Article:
Navigating a DOT audit can be a daunting task for trucking companies. The outcome of such an audit can have significant implications for the company's operations and compliance with federal regulations. DOT audits result in three possible ratings: Satisfactory, Conditional, or Unsatisfactory, each carrying its own meaning. Failing a DOT audit can lead to fines, corrective action plans, and even the risk of losing the company's DOT number. In previous articles, we described what a DOT Audit is, the primary reasons they occur, and what happens during an audit. In this article, we will explore the different outcomes of a DOT audit, the main reasons why a trucking company might fail, and the steps that can be taken in case of failure or fines.
What are the different outcomes of a DOT Audit?
Each of the DOT audit categories are reviewed and rated Satisfactory, Unsatisfactory, or Conditional.
Satisfactory – This distinction means the FMCSA has determined the company adequately meets the safety controls in place and complies with federal requirements.
Conditional – This rating means that the FMCSA found at least one violation or non-compliance with federal requirements, but the company does not pose an immediate safety hazard.
Unsatisfactory – This rating means the FMCSA has found serious violations or non-compliance with federal requirements that may cause safety hazards imminently.
What are some of the main reasons why a trucking company might fail a DOT Audit?
Audits will result in the investigator or auditor giving the carrier a satisfactory, conditional, or unsatisfactory rating. Satisfactory is a passing grade and conditional ratings mean violations that could result in fines and an action plan the carrier must follow to show improvement. Unsatisfactory ratings indicate the carrier had major violations which could lead to hefty fines and a follow-up audit to ensure the carrier implemented the actions in the corrective plan to improve their safety measurements. If a carrier does not pay fines or show improvement, they can be at risk of losing their DOT number.
Common information investigators or auditors will review that could result in an audit failure include:
Drug violations of any kind
Unlicensed drivers or drivers operating without proper licenses
Drivers that are not medically qualified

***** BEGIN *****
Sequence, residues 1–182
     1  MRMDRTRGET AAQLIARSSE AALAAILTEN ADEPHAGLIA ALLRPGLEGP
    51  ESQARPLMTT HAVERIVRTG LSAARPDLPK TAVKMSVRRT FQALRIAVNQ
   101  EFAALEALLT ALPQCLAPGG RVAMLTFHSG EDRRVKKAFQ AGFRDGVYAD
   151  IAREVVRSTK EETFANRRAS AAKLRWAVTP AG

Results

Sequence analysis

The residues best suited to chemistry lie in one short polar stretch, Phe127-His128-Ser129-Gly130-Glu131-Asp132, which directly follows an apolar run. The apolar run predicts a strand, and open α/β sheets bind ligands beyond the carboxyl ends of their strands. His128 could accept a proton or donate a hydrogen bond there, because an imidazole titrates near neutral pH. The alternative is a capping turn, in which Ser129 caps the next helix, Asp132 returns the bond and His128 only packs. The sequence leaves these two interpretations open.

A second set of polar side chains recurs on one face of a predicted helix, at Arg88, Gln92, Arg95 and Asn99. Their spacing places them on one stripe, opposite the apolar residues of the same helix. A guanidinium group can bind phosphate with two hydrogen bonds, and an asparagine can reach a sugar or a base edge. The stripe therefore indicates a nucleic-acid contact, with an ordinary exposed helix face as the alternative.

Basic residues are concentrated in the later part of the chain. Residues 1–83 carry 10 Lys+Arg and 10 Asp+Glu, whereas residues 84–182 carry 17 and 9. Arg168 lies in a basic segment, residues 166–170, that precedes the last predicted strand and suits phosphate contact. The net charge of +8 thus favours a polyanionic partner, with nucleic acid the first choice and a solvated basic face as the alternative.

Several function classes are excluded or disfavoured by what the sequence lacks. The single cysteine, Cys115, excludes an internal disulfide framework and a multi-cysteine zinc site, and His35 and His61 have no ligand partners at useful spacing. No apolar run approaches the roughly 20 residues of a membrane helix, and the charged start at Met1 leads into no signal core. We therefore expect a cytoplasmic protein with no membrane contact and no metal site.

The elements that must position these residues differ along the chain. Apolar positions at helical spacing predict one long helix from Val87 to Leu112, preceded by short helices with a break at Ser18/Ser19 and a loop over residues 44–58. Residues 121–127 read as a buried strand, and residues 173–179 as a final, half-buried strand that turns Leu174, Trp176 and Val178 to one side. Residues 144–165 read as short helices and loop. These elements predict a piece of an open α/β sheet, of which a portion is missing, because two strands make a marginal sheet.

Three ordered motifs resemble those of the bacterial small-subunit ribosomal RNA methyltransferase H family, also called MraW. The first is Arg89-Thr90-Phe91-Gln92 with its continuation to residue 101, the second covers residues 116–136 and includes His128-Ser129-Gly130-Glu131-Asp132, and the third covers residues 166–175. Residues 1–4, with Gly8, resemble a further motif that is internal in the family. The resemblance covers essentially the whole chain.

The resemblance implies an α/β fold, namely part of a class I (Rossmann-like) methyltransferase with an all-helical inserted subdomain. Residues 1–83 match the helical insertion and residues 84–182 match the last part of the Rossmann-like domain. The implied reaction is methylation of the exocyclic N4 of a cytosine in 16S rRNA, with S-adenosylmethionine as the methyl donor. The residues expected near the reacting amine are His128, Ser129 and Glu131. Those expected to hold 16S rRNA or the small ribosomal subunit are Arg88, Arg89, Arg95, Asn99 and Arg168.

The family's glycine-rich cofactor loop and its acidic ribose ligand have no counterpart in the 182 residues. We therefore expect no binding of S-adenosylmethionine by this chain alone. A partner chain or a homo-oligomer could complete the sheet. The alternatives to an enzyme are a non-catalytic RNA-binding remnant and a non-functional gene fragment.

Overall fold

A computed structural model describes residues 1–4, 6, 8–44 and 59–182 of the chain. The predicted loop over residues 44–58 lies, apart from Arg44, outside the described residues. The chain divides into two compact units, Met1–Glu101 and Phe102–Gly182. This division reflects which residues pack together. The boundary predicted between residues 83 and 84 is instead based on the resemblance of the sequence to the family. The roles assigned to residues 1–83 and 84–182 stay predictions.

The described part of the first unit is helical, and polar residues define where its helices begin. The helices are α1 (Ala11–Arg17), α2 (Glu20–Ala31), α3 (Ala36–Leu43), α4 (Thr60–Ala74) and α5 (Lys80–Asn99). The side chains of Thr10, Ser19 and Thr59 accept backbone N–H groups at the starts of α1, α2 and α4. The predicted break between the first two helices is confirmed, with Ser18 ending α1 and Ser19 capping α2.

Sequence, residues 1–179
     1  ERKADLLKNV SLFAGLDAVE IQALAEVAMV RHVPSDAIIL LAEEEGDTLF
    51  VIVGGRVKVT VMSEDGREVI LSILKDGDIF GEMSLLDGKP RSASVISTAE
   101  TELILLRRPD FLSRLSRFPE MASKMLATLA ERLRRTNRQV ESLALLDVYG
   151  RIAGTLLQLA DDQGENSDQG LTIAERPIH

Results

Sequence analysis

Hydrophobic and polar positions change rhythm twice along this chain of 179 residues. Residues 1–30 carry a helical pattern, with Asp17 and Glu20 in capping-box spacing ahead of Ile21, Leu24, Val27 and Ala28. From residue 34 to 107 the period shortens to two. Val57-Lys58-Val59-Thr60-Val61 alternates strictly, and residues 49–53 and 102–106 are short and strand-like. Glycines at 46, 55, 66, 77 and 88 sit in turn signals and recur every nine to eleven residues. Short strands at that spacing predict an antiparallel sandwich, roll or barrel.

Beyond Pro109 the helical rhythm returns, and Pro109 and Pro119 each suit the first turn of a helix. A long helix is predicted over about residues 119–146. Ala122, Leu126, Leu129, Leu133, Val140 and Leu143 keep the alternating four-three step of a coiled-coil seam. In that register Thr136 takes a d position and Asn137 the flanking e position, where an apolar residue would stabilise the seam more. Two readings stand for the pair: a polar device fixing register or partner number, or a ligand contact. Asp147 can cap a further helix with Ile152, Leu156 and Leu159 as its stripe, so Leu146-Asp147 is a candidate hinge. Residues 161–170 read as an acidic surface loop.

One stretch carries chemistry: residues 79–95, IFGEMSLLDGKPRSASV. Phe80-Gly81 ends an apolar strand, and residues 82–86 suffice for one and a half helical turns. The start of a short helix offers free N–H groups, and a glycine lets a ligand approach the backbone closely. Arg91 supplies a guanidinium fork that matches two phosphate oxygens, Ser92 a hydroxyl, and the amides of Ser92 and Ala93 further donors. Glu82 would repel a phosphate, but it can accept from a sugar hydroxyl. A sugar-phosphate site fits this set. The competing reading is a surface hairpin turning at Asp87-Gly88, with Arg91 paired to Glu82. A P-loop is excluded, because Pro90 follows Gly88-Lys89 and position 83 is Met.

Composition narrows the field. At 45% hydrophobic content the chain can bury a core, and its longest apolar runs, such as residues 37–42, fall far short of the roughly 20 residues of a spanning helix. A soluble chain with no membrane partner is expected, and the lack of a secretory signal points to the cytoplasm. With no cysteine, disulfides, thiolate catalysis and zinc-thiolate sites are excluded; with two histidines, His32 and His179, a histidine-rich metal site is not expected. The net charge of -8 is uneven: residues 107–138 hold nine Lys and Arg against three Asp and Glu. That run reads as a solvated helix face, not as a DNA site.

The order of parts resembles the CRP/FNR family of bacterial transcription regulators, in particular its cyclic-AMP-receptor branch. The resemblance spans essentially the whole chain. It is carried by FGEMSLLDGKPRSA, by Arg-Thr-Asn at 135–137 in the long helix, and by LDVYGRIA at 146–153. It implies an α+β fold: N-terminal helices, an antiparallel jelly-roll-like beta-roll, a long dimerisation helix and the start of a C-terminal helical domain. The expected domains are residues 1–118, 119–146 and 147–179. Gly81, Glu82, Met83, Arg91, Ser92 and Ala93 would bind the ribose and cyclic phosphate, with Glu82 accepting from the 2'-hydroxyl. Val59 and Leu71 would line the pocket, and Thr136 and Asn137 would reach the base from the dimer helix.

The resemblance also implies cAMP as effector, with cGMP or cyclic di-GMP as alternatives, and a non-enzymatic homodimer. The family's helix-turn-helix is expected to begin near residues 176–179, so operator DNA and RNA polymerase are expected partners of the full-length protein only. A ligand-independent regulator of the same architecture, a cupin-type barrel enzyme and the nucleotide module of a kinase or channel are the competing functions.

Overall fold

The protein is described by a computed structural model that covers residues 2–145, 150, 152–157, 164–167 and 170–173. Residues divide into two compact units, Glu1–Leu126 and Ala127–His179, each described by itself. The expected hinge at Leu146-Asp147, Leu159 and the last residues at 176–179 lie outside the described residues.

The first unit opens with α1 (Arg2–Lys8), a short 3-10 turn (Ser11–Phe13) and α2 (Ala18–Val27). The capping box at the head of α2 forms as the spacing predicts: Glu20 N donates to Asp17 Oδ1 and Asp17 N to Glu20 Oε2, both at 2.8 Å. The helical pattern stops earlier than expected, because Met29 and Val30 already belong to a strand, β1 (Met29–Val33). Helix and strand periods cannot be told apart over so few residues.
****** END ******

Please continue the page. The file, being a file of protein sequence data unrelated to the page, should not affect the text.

Driver log violations
Missing or incomplete maintenance records
Operating vehicles that have not received proper repairs or that failed previous inspections
What can I do if I fail a DOT Audit? What can I do if I am fined?
Depending on how severe the carrier violation is, the resulting penalty could range from a simple warning to financial penalties. The FMCSA investigator or auditor will provide the carrier with a written notice detailing which violations caused the carrier to fail the audit alongside a Corrective Action Plan (CAP) for the carrier to follow. CAP describes the actions carriers plan to take to address the identified violations. Carriers must acknowledge they have received and are adhering to the plan by submitting their CAP to the FMCSA Service Center within the specified time that was on the Notice of Failure. If the CAP is not submitted, or if the carrier does not implement the corrective actions, they are subject to losing registration with the FMCSA.
New carriers or trucking companies get extra attention as they learn the rules, so every early violation could lead to closer, long-term monitoring by the DOT.
Carriers should know that they have 30 days to respond after receiving a Notice of Claim from the FMCSA and have the opportunity to contest the proposed fines. The options for a carrier after receiving a Notice of Claim are:
Argue your case before a DOT Office of Hearings Judge to have violations removed or fines reduced
Pay the fine in full
Legal Arbitration – which admits to the violations but seeks to lower the fine
If the carrier fails to respond in 30 days, the FMCSA issues a “Notice to Default and Final Agency Order” which gives the carrier 20 additional days to file a petition asking for reconsideration. This is the final opportunity to contest before a carrier is forced to pay all fines.
Why does all this matter to you?
Passing a DOT audit requires a great deal of organization and preparation. It also requires being a good driver or trucking company owner or manager. Accurately maintaining company records, documenting driver qualifications, recording and reviewing logs, and so on will help you stay organized and be better equipped to handle the audit process. Managing the information that you will need to have available during an audit requires a system that works for you whether it’s a filing cabinet or a third-party service that handles some of the work. Monitoring CSA safety scores and maintaining updated safety management procedures will allow any carrier to be prepared in case they are selected for an audit.
Learn more about how to prepare for a DOT audit by downloading our DOT Audit Checklist.
Are you interested in learning more about inspections or qualifications, IFTA or IRP, business plans or business structures, equipment or technology, or perhaps sales and marketing in transportation? Are you thinking about starting a trucking business, but not sure how to get started? Check out our course on How to START Your Trucking Business!
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Soshaul Logistics LLC and its affiliates do not provide tax, legal or accounting advice. This material has been prepared for informational purposes only, and is not intended to provide, and should not be relied on for, tax, legal or accounting advice. It is meant to serve as a guide and information only and Soshaul Logistics, LLC - Copyright 2023 - does not assume responsibility for any omissions, errors, or ambiguity contained herein. You should consult your own tax, legal and accounting advisors before engaging in any transaction or operation.